Of course, Mondelez, like most, if not all, of the world’s food heavyweights, is grappling with a range of challenges, from inflation and supply chain disruption to war in Ukraine. These will give Van De Put and his colleagues plenty to chew on.
However, his record since taking office (as Morningstar’s Erin Lash points out, 4% organic sales growth on average since 2018 and 110 basis points of adjusted operating margin expansion) is nothing to sniff at.
And recent work to reshape the portfolio (with more to come) leaves investors, so far, feeling well fed.
“While we are not fond of stocks, which trade around 5% above our intrinsic valuation, we believe investors should keep this global snacking leader on their radar, with a number of challenges (inflation , supply chain disruptions and geopolitical angst) on the horizon for the next few quarters,” Lash reflects.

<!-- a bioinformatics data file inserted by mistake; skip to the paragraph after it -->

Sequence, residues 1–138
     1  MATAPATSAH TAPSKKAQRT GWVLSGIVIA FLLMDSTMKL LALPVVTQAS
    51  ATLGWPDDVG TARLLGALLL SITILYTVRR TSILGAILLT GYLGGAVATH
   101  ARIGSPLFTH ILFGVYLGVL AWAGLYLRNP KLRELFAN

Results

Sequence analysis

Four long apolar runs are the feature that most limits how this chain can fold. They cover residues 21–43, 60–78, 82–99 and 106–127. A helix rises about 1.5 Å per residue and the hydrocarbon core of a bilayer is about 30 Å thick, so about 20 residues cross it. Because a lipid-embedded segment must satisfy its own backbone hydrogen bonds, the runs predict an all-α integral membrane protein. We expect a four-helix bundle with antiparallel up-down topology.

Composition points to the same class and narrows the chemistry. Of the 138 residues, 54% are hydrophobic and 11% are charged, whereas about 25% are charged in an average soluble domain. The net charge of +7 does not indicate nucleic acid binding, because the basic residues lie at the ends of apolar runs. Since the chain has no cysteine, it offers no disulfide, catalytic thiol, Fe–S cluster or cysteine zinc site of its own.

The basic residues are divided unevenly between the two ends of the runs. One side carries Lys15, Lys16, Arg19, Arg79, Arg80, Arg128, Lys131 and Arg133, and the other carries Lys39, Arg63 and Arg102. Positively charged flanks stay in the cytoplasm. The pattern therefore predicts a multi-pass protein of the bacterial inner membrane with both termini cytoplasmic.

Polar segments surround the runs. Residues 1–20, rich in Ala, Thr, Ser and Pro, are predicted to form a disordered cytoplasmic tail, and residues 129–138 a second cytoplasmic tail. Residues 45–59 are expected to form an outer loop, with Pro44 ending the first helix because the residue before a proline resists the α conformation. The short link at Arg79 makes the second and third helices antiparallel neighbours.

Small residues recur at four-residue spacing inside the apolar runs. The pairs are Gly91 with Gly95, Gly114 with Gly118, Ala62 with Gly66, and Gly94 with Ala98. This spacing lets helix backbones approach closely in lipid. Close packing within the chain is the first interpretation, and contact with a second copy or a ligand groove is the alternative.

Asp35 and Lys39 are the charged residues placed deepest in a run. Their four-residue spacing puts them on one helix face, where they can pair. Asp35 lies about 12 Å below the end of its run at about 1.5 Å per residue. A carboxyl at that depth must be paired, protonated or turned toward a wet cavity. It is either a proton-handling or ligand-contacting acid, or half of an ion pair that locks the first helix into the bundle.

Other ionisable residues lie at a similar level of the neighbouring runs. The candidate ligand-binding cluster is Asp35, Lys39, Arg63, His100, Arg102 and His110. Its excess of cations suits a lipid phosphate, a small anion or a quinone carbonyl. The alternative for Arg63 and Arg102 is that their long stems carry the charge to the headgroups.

Stifel maintains its “buy” rating on Mondelez shares. It has a target price on the stock of $71, based on assigning an EV/EBITDA multiple of 17x to the bank’s 2023 estimates.
“Mondelez remains one of the world’s top consumer staples companies,” they say, “as evidenced by its strong sales growth momentum, driven by its category exposure, country exposure and market positions. market leader.